U.S. policy has long started from the assumption that to address the region’s dangerous spiral into insecurity the United States must address Iran’s destabilizing behavior. To wit, Iran is a revisionist power. It sees the current regional order as one that excludes it, and so it directs its energies at defying that exclusion. Its behavior will change only if it finds a place in that order, which would start with the recognition by external actors that Iran—like Israel, Saudi Arabia, and Turkey—has legitimate interests in developments in the Arab world. Former U.S. President Barack Obama once told Arab critics of the 2015 nuclear deal that Iran and Saudi Arabia should “find an effective way to share the neighborhood and institute some sort of cold peace.” At the time, Arab leaders dismissed Obama’s counsel, but it now sounds prescient.
Iran’s chief rival, Saudi Arabia, stands opposed to including Iran in a regional order.
Building a new regional order will be difficult. Deep distrust divides Iran from its Arab neighbors. But the Middle East now faces pressures that should lead its players to take the prospect seriously: the United States’ long-term commitment to the region is in doubt, tensions between Iran and the United States have reached a standoff, and threats loom.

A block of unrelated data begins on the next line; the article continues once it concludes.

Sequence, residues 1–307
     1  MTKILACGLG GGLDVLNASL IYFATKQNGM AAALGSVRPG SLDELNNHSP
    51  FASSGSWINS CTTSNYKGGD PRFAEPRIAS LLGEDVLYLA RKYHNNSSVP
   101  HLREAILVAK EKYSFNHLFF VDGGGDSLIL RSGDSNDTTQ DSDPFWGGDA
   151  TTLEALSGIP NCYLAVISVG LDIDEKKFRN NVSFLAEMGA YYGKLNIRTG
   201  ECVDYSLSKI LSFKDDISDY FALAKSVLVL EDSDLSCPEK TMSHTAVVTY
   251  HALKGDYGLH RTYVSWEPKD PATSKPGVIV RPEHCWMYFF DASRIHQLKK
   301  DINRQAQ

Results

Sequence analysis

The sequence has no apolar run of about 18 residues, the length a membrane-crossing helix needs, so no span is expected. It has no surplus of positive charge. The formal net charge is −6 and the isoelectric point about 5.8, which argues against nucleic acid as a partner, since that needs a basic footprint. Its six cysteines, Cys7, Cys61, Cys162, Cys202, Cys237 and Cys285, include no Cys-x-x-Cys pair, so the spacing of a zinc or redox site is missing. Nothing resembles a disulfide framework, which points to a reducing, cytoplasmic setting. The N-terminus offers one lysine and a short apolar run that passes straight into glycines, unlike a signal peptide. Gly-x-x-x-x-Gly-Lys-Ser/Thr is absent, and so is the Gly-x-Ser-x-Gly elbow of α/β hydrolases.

Iran’s chief rival, Saudi Arabia, stands opposed to including Iran in a regional order. Riyadh has long insisted that Iran has no legitimate interest—and hence no business—in the Arab Middle East. It holds the same view of Turkey. Tehran rejects this exclusion. And these days, fissures running through the Arab bloc that the Saudi worldview envisions belie the kingdom’s assumptions.
The Gulf Cooperation Council (GCC), which Saudi Arabia leads as the regional bulwark against Iran, is now deeply divided in its view of the region’s security. Under Saudi tutelage, multiple Middle Eastern countries have blockaded Qatar since 2017, in part because of Doha’s perceived closeness with Tehran. As a result, Qatar sees Iran as a necessary counterweight to Saudi Arabia and Turkey as the counterweight to them both. Kuwait and Oman share Qatar’s worries about Saudi Arabia’s heavy-handed role in the region and now advocate engaging with Iran as a hedge against Saudi hegemony. Hence the United States will have trouble unifying the GCC against Iran, let alone expanding it into an “Arab NATO” by adding Egypt and Jordan, as Washington has said it intends to do. Rather than bolster an Arab bloc, the United States should embrace a definition of the Middle East that does not exclude Iran and Turkey.
Iran sees opportunity in Arab discord. Having exposed the limits of the United States’ commitment to the Middle East and demonstrated its own ability to destabilize the region, Tehran now offers a diplomatic initiative to reduce tensions through collective security measures. Iran has suggested that the United Nations take the lead, using the Security Council resolution that marked the end of Iran-Iraq War as a framework and working with regional governments to come up with a mutually agreeable plan.